A couple of months ago, Marc and I recorded a Legal Spirits episode in which we disagreed a bit about our role as law professors. I think it’s fair to say that Marc believes more than I do that law professors have an obligation to inculcate moral virtues in our students–or at least address moral virtues in our teaching expressly, as occasion allows. By contrast, although I don’t think we should be blind to moral concerns, I view my role in the classroom more as teaching a professional skill. Moral critique is incidental; for character formation, my students will mostly have to look elsewhere (which is no doubt a good thing!). Marc and I each have our reasons, which we explain in the podcast, and anyway we differ only in degree.
A new collection of essays from Pepperdine University Press on the work of the late James Q. Wilson, Character and the Future of the American University, addresses the issue of character formation and university teaching. The editor is scholar James R. Wilburn (also of Pepperdine). Here is the description from the publisher’s website:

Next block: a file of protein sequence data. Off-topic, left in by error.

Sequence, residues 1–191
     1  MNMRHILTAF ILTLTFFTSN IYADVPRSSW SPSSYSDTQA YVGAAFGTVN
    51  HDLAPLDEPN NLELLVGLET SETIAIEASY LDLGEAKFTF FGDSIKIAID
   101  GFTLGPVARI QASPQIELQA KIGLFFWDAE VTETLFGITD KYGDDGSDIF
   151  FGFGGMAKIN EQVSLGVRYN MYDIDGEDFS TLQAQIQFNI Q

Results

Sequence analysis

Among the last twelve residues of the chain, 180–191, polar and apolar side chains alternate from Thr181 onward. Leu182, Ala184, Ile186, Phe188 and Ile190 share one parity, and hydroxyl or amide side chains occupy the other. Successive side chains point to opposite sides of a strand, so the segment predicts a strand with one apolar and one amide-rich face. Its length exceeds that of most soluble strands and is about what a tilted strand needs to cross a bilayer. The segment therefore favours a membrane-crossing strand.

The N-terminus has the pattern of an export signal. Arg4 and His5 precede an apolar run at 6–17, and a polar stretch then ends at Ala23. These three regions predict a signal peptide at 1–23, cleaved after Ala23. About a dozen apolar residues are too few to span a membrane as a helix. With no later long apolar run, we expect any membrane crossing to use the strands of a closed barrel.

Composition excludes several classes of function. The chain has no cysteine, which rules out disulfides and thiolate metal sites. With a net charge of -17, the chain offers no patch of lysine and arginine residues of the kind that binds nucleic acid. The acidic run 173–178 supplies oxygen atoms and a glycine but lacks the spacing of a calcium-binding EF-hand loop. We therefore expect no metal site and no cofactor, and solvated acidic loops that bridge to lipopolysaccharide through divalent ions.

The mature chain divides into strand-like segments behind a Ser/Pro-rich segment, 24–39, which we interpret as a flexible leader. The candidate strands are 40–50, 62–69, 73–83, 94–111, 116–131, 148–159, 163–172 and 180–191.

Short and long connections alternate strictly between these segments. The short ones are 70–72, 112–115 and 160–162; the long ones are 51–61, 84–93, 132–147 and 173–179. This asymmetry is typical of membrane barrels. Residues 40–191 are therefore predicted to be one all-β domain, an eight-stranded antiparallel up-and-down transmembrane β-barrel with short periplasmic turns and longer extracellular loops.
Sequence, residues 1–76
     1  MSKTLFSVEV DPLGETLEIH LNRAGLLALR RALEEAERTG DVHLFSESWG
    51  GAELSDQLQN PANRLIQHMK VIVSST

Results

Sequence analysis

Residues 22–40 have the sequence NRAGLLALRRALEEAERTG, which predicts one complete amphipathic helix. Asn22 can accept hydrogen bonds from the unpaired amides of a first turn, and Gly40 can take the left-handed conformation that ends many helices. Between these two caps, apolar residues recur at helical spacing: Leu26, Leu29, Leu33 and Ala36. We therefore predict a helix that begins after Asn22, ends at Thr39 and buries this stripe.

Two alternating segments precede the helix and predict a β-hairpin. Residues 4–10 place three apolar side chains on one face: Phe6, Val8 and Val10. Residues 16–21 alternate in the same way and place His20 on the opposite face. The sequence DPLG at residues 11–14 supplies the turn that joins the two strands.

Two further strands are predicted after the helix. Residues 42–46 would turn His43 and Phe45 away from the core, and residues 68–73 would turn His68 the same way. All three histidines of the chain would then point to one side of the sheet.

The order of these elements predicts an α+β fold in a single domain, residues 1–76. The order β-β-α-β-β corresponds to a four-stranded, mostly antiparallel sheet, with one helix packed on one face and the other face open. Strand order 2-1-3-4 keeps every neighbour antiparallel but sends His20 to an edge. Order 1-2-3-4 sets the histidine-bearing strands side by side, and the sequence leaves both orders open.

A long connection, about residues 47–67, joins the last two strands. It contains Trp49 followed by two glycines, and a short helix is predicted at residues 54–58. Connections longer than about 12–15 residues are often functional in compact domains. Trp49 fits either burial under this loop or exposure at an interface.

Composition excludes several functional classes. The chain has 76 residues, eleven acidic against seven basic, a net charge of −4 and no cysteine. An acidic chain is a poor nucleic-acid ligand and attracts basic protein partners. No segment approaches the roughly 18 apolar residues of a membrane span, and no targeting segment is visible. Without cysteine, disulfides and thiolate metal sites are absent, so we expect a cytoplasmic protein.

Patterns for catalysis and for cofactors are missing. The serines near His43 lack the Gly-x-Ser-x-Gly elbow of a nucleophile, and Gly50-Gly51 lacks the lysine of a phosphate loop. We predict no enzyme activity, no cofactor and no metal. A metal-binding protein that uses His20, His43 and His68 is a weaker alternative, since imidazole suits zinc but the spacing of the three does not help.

One of the most influential social scientists of the past century, James Q. Wilson was best known for his “broken windows” theory of crime. But Wilson considered the study of moral character to be his true life’s work. In Character and the Future of the American University, thirteen eminent thinkers examine the growing significance of Wilson’s seminal work, The Moral Sense, through lenses ranging from political science and public policy to the humanities, social sciences, and natural sciences.
Wilson believed that human beings’ innate moral sense holds profound promise for dispelling the darkness that threatens our democracy. Including essays by Wilson, his colleagues, and other distinguished scholars, this book expands on that idea, exploring how reintegrating discussions of morality and character into university curricula could help shape the next generation.
Today, America’s universities face historic challenges and critical decisions. The development of tomorrow’s public leadership—and the very survival of a free society—are at stake. Can a renewed emphasis on character offer the solution? More timely today than ever, Wilson’s thought-provoking message will challenge and inspire readers both inside and outside academia.